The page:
How do I open a specific port in the firewall? I can not use the "allow connections from application" as I want to open the port for Jenkins, that is not on the list...


4 Answers 4


Apple's OS X Mavericks contains three firewalls. First of all, the Application Level Firewall which can be configured using the system settings. But there is also ipfw, a packet filtering firewall like netfilter/iptables on GNU/Linux and pf (FreeBSD/OpenBSD).

You can either configure ipfw using the command line, or using a graphical front-end like the free/libre WaterRoof.

You could start with an ipfw command like:

sudo ipfw add 31010 allow tcp from any to any dst-port 8080
  • 9
    ipfw is deprecated and gone in El Capitan Commented Aug 1, 2016 at 22:16
  • @slashdottir How can I use this command with pfctl?
    – user233428
    Commented Oct 20, 2020 at 15:07
  • @user233428 It's been quite a while since I had to do this, but checking my bash history, looks like I used: echo "rdr pass inet proto tcp from any to any port 80 -> port 19131" | sudo pfctl -ef - Commented Oct 20, 2020 at 21:01

I had the same issue under OS X Yosemite (10.10.3). Found this blog post that provides clear instructions. We can't use ipfw any more, as it's deprecated. Instead, use pfctl, which unfortunately lacks a nice command line way to tell it to open a port. Instead, you need to:

  1. Open /etc/pf.conf in a text editor.
  2. Add a line like this:

# Open port 8080 for TCP on all interfaces

pass in proto tcp from any to any port 8080

  1. Save the file.
  2. Load the changes with:

sudo pfctl -f /etc/pf.conf

If you need to open a udp port, change tcp to udp, if you need both, add a second line. Additional detail can be found in man pf.conf.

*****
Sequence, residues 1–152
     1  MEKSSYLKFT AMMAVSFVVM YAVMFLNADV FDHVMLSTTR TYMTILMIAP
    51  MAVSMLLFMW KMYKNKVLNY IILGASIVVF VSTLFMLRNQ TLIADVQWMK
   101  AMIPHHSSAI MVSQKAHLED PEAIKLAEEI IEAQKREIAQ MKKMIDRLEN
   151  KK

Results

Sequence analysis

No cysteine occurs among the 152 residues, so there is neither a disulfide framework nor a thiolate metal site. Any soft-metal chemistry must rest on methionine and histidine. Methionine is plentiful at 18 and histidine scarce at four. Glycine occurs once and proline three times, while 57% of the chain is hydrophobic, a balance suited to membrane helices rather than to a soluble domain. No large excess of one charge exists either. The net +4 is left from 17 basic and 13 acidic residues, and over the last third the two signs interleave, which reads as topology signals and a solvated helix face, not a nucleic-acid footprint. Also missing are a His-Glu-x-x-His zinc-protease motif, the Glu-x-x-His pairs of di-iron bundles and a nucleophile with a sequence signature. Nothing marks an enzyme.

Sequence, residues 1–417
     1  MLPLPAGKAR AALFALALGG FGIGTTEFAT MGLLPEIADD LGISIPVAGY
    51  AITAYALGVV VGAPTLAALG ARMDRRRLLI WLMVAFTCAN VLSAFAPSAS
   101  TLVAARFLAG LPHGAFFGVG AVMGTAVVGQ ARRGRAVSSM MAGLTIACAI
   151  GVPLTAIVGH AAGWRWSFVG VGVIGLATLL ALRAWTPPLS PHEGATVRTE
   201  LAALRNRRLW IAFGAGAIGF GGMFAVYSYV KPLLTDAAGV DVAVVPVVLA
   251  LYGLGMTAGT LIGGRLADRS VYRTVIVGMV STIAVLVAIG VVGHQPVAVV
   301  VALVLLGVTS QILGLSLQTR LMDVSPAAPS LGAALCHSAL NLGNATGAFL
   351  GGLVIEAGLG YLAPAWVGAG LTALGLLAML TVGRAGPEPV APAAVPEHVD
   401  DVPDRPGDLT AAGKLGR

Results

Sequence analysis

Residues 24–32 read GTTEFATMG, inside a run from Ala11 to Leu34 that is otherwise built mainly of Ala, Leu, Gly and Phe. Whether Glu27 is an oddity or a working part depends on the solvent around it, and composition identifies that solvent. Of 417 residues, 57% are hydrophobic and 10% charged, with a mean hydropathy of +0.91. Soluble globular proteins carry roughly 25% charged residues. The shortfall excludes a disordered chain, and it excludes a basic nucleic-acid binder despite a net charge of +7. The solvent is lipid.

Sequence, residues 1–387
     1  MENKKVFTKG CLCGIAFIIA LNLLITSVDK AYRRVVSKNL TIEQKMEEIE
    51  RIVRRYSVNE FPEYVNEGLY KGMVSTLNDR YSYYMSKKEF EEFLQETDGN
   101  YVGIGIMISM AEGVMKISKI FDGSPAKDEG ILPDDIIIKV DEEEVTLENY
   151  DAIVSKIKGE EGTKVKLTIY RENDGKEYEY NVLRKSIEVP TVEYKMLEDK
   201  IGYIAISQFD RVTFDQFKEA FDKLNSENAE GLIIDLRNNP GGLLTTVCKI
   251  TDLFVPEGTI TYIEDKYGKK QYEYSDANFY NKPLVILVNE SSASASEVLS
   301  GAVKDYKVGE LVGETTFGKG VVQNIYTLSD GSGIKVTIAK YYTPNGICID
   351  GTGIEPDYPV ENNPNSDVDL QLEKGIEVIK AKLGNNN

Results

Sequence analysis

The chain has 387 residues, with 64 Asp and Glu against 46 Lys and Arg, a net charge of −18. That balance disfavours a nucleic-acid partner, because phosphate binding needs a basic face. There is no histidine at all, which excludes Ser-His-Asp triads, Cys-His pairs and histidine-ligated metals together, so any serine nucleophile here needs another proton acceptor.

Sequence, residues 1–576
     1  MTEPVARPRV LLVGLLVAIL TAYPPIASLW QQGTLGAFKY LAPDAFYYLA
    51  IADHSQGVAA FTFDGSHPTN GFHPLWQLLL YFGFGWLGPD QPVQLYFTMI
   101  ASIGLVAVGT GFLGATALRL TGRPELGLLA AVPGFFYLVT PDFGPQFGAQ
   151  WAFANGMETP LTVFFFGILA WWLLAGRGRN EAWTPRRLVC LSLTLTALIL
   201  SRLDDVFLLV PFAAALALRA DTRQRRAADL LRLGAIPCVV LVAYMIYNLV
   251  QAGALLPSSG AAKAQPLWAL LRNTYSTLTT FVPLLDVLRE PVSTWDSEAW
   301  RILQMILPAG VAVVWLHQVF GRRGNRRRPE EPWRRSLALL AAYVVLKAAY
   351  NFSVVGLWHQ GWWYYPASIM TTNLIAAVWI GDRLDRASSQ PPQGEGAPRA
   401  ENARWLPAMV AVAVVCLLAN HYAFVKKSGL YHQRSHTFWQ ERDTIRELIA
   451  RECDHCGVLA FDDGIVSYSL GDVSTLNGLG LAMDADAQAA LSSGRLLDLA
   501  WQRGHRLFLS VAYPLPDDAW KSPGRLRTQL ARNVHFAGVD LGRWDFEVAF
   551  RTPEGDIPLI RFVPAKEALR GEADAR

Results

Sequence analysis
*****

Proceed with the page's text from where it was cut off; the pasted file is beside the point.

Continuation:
Also make sure your server is listening on the actual interface you want it accessible over (or all interfaces, using or ::0), not localhost ( or ::1).

  • 3
    Whoa, reboot? Do you really have to reboot to open a port?
    – jcollum
    Commented Aug 24, 2015 at 18:22
  • 2
    passing -n to pfctl verifies the rules, and pointedly does not load them. Use just -f /etc/pf.conf to load the rules. Verify they are loaded with pfctl -sr. However, while pfctl rules is necessary it does not appear by itself to be sufficient to allow access to a El Capitan on a given port. Commented Nov 5, 2015 at 16:27
  • ... One must also make sure the application is bound to the host name (not localhost); one gets the hostname with $ hostname on the command line. Also, one can restart the firewall, instead of rebooting, by going to System Preferences -> Security & Privacy -> Firewall -> Turn Off Firewall and then Turn On Firewall. Commented Nov 5, 2015 at 16:36
  • @Keen fantastic avatar - great memories!
    – Dónal
    Commented Jul 13, 2017 at 11:25

ipfw is deprecated by Apple. Mountain Lion and later use pfctl.


  • 7
    can you post the specific command to open a port?
    – thias
    Commented Aug 28, 2014 at 9:44
  • If you want to add a specific port, then I think you need to edit the configuration file ( see krypted.com/mac-security/… and search for the part with 192.168). On the other hand, if you want to ensure an application is not blocked, jamfnation.jamfsoftware.com/discussion.html?id=6566 has a pretty good summary in the final comment. I still mostly use 10.6, so I haven't worked with pfctl much.
    – Kent
    Commented Aug 29, 2014 at 8:10

Here's a one liner rather than requiring the user to mess around with Vim. Useful for automation.

sed -i '' -e '$a\pass in proto tcp from any to any port 8080' /etc/pf.conf; pfctl -vnf /etc/pf.conf

Or an alternative for Linux users

sed -i -e '$a\pass in proto tcp from any to any port 8080' /etc/pf.conf; pfctl -vnf /etc/pf.conf

Just make sure you change 8080 in the example to whatever you have in mind. Swap tcp with udp if you like.

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